Why Is Chick-fil-A Better at Everything?

What would you do? You’ve been shopping all morning with your spouse, going from department store to furniture store to home improvement store, looking for things for your home.

Now you’re both hungry. But you have much more shopping to do, and neither of you wants to take the time to eat at a “sit-down” restaurant. Then you spot a McDonalds and a Chick-fil-A right next to each other. The McDonalds has six cars in its drive-through line. The Chick-fil-A has TWENTY-SIX cars in its dual drive-through lanes.

So where do you go?

It’s a good bet that you would choose Chick-fil-A. The food tastes better and seems like it’s a higher quality. The order is going to be accurate. The staffers are courteous, upbeat and friendly. And even though there are three times more cars in the drive-through lines, there’s a very good chance you’ll get your meals faster than at the Micky D’s next door.

Food, service, attitude and accuracy — how can Chick-fil-A be so much better across the board?

The privately-held chain, first started in Atlanta in 1967, has an approach, philosophy and operation that focuses on doing things in a customer-centric way. The food is so well-thought-out that even the placement of the dill pickle (on the bottom of the chicken sandwich so you taste it first and then the chicken) is critical.

The service astonishes you. Staffers are trained to be “aggressively courteous.” If you thank them when you get your order, they don’t say “You’re welcome.” They say “My pleasure.” Everyone seems like they’re in a good mood — which is quite a change from most fast-food places and even many sit-down restaurants.

One of the factors in creating the customer-centric attitude and attention to detail is that Chick-fil-A requires the owner to be in the store. Operators cannot own 10, 20 or 30 stores like franchisees in other chains. One Chick-fil-A store per person. That ensures that the franchise owner always knows what’s going on in his or her store.

Gail McCullough is an owner operator of a Chick-Fil-A. He opened his first location in 1980 in a mall in Boardman, Ohio. He opened a larger standalone store in 1997, and an even larger store in 2016. Yep — same owner, same franchise for almost 40 years.

Likewise, employees are often around awhile also. In an industry where 300% annual employee turnover is the norm, Gail says Chick-fil-A is closer to 40%. Some employees have been with Gail for 15–20 years. In fact, he has several mother-daughter teams working for him now, and has employed the grandmothers of some of those teams in the past. “We’re a little more selective about who we hire,” he says. But at the same time, his organization stays flexible for mothers who need to get home for kids coming home from school. And the company is college-oriented and offers scholarship opportunities.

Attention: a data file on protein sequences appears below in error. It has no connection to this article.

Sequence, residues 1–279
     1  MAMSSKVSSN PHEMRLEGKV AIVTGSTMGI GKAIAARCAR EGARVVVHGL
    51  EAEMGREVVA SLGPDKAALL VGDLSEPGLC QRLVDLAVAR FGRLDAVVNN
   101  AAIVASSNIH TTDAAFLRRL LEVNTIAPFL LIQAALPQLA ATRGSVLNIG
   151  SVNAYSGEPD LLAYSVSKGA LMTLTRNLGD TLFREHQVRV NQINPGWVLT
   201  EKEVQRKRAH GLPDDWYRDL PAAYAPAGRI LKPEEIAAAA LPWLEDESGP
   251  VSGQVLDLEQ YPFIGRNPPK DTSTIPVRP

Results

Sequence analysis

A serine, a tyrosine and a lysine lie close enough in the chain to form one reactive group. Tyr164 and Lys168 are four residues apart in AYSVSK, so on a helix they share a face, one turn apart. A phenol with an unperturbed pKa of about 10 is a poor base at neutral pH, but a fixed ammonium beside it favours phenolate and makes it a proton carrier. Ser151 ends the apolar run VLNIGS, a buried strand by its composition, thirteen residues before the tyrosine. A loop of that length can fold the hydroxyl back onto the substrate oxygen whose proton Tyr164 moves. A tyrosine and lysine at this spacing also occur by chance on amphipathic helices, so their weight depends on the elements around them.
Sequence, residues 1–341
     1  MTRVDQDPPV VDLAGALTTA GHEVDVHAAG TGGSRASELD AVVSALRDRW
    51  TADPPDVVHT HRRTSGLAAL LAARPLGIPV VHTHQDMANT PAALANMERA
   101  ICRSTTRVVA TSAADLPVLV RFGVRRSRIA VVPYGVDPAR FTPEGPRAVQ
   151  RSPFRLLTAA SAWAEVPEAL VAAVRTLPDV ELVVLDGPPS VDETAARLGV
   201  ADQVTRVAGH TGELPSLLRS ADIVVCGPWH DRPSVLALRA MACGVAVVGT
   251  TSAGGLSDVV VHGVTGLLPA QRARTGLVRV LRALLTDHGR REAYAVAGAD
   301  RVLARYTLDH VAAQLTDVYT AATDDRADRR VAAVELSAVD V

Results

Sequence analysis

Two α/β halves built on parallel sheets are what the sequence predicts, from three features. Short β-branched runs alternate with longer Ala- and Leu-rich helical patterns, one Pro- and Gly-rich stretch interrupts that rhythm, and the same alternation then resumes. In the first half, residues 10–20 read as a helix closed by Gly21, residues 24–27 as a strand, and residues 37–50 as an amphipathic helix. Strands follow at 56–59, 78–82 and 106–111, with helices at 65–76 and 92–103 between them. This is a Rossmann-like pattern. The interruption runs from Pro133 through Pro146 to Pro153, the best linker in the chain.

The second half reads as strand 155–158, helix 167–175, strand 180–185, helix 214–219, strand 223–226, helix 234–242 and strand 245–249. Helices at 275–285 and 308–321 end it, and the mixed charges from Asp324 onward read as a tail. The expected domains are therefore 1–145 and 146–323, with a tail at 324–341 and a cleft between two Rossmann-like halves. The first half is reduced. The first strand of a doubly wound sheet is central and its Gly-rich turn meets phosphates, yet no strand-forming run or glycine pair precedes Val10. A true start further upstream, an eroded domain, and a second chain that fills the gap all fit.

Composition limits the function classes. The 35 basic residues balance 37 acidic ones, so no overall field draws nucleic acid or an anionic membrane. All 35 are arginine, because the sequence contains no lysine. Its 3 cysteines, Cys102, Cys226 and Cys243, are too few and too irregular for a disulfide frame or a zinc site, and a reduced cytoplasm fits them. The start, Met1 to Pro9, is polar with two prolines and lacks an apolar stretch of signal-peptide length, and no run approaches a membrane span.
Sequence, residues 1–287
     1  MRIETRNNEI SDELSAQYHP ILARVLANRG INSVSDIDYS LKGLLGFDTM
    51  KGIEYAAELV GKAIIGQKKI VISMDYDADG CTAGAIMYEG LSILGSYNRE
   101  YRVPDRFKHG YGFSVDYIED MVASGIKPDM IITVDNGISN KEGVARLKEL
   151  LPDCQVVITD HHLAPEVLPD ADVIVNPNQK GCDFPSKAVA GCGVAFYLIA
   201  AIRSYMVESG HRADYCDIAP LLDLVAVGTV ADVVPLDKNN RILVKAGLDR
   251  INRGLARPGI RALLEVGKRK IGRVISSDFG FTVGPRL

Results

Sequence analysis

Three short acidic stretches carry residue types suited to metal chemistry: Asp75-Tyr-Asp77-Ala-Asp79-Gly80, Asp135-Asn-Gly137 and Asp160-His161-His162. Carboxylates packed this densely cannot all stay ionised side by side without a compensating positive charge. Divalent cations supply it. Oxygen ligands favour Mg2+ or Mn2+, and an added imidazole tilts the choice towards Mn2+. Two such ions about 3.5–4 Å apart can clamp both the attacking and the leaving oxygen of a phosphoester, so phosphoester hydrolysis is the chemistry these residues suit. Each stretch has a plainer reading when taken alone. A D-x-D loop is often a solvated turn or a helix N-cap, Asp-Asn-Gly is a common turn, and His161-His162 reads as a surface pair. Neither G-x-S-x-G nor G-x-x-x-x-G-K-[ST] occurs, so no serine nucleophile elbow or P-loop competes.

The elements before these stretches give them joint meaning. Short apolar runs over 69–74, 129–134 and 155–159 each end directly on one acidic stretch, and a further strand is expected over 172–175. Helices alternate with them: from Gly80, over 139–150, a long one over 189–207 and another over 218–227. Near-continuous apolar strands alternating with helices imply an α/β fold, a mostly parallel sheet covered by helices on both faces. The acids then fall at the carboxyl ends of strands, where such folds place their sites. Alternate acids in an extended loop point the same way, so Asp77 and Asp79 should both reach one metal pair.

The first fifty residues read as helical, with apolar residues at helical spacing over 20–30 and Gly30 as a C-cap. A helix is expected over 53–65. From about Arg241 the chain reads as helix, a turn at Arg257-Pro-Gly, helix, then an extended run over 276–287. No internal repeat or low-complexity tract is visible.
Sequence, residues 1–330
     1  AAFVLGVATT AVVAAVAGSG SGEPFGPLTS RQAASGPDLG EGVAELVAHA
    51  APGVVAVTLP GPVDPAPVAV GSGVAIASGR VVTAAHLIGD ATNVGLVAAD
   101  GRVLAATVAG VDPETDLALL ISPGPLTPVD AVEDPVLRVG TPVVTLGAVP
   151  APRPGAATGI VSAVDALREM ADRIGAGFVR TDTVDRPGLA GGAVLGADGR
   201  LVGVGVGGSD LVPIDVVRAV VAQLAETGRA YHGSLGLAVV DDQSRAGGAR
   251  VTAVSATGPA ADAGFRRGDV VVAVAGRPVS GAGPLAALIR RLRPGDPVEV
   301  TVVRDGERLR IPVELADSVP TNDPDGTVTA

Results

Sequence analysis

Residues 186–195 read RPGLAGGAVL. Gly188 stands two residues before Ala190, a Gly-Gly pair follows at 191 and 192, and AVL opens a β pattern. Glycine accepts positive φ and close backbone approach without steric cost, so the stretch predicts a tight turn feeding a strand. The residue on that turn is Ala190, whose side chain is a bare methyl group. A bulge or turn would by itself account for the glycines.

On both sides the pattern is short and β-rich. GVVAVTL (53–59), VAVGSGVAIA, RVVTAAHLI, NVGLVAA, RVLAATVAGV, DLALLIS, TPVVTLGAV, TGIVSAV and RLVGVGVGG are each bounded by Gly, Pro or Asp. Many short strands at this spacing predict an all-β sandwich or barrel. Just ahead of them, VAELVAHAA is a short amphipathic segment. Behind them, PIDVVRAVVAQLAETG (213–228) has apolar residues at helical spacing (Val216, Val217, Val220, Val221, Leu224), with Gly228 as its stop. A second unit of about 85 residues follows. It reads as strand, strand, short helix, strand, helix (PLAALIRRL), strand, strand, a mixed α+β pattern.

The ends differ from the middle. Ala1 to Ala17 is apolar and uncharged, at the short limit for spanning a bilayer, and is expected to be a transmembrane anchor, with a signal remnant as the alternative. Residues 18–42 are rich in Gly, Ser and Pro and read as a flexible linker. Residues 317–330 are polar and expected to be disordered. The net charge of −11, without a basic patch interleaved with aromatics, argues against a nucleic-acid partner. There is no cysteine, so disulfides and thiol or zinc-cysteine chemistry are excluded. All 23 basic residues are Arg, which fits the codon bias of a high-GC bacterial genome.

Chick-fil-A is in 47 states now and will soon be the number-three chain in America. Double-digit increases in sales have become the norm, even though Chick-fil-A limits new store openings to just 100 per year.

Service and attitude aside, the other big factor in Chick-fil-A’s success is taste. They focus on chicken instead of branching out into ribs, tacos and whatever is popular at the moment. Not that chicken is the only fan favorite. I know vegans and vegetarians who will make the trip just to get the waffle fries. And the new kale superfood salads are starting to take off as side orders.

It’s fun to watch a sharp operation like Chick-fil-A in action and filling your order and others. Once you have your food and take that first bite, you get to say, “MY pleasure.”


About The Author

  • Author | George Farris
George Farris is CEO and Senior Brand Coach at Farris Marketing. Email questions and comments to GFF@FarrisMarketing.com and connect with George on LinkedIn using the icons above.

Read Next

How to Write Marketing Messages That Really Work

Novelists dream of getting on the New York Times Best Sellers list. Screenwriters picture themselves winning an Oscar and sharing the stage with Robert DeNiro. Songwriters may imagine the applause as they hear their name called at the Grammys. But those of us who write marketing messages imagine the smiling …

Read More


Discuss This Article